I rounded out my surgery rotation with a slightly different perspective – that of worried mom in the waiting room. I definitely prefer being in the OR to the waiting room. At least then you are aware of everything that is going on. But I didn’t really have a choice this time.
My daughter Anika had to have a minor surgery to remove a skin tag in front of her ear. Initially I had hoped they could remove it in the office, but when we talked to the plastic surgeon she made it clear that Anika would need to have general anesthesia and go to the hospital for an outpatient procedure.
No big deal. I know. During my surgery rotation we did much more serious surgeries on a daily basis. It becomes so ordinary and so commonplace. But when it is happening to your child, it’s a different story.
It’s a strange experience to be a medical student and also the mother of the patient. I know I’m not an expert, but I obviously know what’s going on. I usually choose not to say that I’m in medical school. I don’t know why; I guess it just feels like a strange thing to say out of the blue. Plus, I enjoy getting the full patient experience. The second I say that I’m in medical school, the doctor changes how she talks. Sometimes that is nice, but sometimes they assume I know more than I do, so it just seems easier to pretend I’m a regular person.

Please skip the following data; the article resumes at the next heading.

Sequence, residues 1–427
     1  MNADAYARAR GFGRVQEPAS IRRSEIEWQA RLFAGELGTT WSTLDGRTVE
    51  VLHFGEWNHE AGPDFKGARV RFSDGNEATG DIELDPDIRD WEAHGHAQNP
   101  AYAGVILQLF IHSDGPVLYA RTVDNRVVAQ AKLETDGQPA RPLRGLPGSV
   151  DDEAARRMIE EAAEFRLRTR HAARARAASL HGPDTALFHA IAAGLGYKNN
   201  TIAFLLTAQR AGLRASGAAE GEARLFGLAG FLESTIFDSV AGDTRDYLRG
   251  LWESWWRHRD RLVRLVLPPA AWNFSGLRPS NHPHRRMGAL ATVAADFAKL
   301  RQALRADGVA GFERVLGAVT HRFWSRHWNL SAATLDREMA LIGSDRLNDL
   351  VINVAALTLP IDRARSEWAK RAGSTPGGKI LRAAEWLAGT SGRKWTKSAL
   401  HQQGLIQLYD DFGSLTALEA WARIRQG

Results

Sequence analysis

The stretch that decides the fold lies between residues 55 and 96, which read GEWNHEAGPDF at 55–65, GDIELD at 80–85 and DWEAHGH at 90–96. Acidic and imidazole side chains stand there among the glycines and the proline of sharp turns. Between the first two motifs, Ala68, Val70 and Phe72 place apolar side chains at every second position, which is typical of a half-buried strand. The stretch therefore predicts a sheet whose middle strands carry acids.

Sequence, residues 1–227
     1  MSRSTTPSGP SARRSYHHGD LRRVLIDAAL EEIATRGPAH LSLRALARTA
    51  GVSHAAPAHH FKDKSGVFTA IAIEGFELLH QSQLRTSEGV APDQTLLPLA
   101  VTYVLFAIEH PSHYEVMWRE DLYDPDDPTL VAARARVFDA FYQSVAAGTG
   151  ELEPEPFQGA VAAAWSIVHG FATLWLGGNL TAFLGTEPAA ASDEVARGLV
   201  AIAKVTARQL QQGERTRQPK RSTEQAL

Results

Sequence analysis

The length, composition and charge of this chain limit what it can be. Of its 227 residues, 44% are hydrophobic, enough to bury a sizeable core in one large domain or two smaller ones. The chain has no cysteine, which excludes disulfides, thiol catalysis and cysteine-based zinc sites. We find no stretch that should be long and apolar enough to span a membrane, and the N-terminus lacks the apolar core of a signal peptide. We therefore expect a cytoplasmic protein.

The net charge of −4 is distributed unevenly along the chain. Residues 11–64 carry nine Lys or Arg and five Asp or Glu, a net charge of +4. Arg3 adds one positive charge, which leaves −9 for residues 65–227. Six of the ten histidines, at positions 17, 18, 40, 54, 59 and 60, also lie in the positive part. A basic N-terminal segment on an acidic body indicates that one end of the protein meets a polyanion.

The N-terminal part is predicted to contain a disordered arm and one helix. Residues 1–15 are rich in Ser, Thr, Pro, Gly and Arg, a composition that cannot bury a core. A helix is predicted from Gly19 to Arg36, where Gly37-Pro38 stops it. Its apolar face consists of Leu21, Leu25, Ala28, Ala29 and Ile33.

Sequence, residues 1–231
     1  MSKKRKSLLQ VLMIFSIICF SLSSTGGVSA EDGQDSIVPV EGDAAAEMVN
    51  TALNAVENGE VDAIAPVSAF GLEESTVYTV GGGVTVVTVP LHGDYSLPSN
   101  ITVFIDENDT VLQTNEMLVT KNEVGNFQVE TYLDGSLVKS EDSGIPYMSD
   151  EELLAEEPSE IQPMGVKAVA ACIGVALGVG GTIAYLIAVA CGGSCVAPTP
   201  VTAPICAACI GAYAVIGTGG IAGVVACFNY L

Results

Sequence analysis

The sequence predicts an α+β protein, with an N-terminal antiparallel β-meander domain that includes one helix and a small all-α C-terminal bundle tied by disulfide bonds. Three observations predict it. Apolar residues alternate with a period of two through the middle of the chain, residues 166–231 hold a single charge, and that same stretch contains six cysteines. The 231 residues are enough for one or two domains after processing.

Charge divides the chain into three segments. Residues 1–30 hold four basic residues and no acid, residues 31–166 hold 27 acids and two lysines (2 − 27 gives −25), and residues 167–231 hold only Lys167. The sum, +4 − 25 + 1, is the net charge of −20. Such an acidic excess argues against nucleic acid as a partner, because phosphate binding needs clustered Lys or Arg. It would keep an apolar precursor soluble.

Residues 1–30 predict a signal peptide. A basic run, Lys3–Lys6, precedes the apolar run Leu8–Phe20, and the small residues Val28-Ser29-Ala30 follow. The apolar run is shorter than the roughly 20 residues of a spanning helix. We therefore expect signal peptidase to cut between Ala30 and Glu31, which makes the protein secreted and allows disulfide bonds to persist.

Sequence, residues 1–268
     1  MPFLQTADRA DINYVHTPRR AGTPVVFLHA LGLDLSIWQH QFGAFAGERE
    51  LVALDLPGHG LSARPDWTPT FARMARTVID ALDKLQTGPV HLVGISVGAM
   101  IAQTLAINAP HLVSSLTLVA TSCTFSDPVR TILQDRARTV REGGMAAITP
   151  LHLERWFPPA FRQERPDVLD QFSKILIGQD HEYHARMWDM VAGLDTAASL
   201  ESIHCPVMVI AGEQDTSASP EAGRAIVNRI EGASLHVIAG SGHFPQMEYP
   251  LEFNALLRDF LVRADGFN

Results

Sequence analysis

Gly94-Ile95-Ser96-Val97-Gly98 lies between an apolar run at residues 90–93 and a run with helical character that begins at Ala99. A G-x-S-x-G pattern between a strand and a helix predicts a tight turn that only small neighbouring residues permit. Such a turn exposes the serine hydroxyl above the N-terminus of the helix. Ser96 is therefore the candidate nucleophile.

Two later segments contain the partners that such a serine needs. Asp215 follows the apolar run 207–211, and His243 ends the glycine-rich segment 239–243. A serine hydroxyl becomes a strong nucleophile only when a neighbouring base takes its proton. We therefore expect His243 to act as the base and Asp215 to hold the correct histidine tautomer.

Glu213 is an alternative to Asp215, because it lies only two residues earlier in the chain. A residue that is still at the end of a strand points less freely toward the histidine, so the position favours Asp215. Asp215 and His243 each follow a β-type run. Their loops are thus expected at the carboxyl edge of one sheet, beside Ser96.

And, of course, I spent the last 24 hours running through all the possible scenarios of things that could go wrong. One of the bad parts about being a medical student is that I know too much about side effects. I’m thinking what if she is allergic to one of the anesthesia medications or what if she gets malignant hyperthermia and dies?
Let’s just say I didn’t get much sleep last night. But everything went very well, and Anika is happy and healthy and doing fine. This whole experience was an important reminder for me that what seems ordinary and everyday to the doctor is definitely not ordinary and everyday for the patient.
Surgery has been a fun rotation. Definitely not for me, but I learned a lot this past month. Next week I start my Pediatrics rotation. I am looking forward to it, even though I know I don’t want to go into Peds. It will be fun to work with kids, since I haven’t really gotten to do much of that yet. I made it through a month of surgery without cutting off a finger, so I hope I can make it through a month of Peds without getting sick!